in Bennett Valley.
The Board of Supervisors will consider this information when it holds a three-hour
workshop on the goals of the cannabis program on Tuesday, September 28 at 8:45am supervisors will direct the PRMD staff on the country’s goals in drafting a revised ordinance. We urge you to contact Supervisor Gorin (Susan.Gorin@sonoma-
county.org) to tell her that we want Bennett Valley to be designated a commercial
cannabis-free exclusion zone.
1. WATCH LIVESTREAM:
Once the meeting has started, click the “In Progress” hyperlink to begin viewing.
2. JOIN THE ZOOM MEETING:
Participate by computer, tablet, or smartphone application:
Go to: https://sonomacounty.zoom.us/j/92116245755?pwd=WldsU3ZLN1ZpakZVSmFSRzhVYTFhZz09
Meeting ID: 921 1624 5755
Enter Password: 353649
Participate by phone:
Dial +1 (669) 900 9128
Enter meeting ID: 921 1624 5755 Enter password: 353649
Public Comment may be made via email or during the live zoom meeting. To submit an emailed public comment to the Board email email@example.com. Please provide your name, the agenda number(s) on which you wish to speak, and your comment. These comments will be emailed to all Board members. Public comment during the meeting can be made live by joining the Zoom meeting using the above provided information. Available time for comments is determined by the Board Chair based on agenda scheduling demands and total number of speakers.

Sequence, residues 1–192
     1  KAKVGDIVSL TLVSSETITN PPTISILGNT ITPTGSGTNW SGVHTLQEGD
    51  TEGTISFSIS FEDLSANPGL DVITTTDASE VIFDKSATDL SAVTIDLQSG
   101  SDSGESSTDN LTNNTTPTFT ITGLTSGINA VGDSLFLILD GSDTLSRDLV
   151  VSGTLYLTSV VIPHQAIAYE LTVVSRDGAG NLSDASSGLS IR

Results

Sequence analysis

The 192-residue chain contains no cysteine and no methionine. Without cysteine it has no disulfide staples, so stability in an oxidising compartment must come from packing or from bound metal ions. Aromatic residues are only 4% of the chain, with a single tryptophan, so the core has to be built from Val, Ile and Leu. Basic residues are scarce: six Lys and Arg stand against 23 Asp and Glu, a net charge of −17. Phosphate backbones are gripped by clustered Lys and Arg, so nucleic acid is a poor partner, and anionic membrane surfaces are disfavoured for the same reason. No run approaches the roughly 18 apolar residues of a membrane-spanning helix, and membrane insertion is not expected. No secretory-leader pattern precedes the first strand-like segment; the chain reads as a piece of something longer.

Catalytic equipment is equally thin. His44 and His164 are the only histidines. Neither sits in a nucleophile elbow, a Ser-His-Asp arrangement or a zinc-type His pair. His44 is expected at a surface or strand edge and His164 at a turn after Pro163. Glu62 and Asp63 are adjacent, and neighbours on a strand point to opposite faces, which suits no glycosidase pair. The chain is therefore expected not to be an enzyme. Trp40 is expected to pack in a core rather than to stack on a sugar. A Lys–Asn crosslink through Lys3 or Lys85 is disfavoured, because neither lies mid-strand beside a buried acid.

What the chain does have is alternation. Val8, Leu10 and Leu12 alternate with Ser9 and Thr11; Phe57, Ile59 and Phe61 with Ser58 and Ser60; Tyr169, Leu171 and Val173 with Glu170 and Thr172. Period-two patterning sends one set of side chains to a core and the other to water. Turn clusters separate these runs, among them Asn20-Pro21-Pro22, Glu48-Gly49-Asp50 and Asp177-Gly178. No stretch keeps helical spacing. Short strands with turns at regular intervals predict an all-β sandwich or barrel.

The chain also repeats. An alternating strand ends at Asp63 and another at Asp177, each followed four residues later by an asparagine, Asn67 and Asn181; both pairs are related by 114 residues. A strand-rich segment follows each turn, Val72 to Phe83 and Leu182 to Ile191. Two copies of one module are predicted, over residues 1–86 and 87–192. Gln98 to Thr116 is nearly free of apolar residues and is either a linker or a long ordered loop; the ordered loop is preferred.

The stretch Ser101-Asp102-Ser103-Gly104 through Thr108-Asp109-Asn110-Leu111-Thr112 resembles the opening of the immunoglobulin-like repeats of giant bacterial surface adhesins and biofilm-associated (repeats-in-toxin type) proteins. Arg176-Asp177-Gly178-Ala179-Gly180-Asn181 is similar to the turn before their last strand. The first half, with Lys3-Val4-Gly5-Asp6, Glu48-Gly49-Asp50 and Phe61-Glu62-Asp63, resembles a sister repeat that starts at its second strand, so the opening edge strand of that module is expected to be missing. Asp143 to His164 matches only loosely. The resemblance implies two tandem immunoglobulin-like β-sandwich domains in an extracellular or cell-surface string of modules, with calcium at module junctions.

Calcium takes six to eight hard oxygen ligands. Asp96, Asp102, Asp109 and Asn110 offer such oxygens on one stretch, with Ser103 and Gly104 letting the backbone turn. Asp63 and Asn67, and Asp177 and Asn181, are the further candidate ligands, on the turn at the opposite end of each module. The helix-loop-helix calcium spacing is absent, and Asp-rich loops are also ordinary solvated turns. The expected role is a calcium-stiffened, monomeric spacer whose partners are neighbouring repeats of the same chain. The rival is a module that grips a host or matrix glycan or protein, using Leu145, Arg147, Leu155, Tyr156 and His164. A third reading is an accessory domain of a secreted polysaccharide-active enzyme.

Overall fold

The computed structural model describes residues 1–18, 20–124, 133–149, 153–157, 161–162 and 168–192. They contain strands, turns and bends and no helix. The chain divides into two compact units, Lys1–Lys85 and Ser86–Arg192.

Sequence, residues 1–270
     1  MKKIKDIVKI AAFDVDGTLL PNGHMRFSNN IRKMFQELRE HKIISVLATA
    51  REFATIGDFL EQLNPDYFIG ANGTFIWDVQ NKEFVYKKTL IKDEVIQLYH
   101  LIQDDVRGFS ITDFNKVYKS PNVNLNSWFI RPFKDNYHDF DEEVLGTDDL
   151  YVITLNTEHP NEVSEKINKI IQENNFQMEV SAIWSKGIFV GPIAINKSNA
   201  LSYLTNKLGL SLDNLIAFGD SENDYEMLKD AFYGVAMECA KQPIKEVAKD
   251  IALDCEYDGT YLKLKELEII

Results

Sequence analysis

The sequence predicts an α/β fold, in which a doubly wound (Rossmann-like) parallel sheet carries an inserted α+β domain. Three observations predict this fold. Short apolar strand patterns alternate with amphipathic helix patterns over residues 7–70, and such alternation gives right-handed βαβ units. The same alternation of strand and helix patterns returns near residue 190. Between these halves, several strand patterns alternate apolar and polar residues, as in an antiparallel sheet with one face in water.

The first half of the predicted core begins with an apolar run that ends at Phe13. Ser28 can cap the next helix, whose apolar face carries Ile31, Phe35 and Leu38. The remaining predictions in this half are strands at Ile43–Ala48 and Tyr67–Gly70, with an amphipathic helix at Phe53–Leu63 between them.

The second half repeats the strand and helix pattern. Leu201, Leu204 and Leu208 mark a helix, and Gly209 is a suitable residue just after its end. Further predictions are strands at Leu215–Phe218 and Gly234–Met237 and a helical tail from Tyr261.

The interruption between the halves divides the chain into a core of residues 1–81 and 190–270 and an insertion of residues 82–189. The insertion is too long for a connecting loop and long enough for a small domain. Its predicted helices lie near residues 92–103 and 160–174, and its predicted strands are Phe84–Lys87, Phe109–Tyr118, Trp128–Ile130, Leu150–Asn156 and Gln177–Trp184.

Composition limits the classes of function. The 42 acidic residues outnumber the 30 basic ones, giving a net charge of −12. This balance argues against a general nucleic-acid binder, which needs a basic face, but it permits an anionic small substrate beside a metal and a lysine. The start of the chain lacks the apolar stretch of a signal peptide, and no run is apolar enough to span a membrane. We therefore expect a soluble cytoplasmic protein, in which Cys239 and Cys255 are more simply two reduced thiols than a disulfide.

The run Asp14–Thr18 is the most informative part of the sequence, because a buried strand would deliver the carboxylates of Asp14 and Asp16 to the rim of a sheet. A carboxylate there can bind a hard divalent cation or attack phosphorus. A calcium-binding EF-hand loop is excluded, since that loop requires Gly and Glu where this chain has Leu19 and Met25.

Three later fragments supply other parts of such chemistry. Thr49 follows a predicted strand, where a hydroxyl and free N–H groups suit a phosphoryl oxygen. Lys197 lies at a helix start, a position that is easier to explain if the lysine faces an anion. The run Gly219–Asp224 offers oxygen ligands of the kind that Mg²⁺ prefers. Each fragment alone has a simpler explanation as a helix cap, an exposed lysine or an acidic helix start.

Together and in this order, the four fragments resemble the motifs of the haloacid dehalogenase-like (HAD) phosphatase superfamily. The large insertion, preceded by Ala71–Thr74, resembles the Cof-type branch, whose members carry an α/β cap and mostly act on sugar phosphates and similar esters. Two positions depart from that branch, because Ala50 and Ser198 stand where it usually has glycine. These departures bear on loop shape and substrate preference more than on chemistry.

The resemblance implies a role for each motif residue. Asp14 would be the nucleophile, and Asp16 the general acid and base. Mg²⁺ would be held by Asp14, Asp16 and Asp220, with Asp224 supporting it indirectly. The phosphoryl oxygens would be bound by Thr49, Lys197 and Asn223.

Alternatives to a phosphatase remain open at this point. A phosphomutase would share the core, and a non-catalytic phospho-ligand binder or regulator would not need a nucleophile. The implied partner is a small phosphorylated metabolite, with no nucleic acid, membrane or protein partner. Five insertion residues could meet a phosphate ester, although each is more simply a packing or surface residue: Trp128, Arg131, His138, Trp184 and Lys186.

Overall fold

Update: July 13, 2021
Board of Supervisors Rejects Proposed Cannabis Ordinance
By Craig S. Harrison
The board of supervisors rejected on May 18 the proposed cannabis ordinance, and voted unanimously to undertake a full environmental impact report (EIR). Key to the decision was County Counsel’s warning that the objections filed by the law firm Shute Mihaly & Weinberger on behalf of Save Our Sonoma Neighborhoods, Neighbors of Liberty Valley LLC, and Friends of Mark West Watershed put the county in legal jeopardy. The county was violating the California Environmental Quality Act, and three different groups were poised to litigate.
For now, growers cannot receive backroom ministerial permits in 30-60 days to plant 5-10 acre grows in Bennett Valley without public notice. The county has issued a schedule with milestones for preparing the EIR. Scoping workshops, where decisions will be made about the issues that must be addressed in the EIR, are scheduled to be conducted the week of August 9 and be decided by the supervisors on September 28. The entire EIR process will take about three years.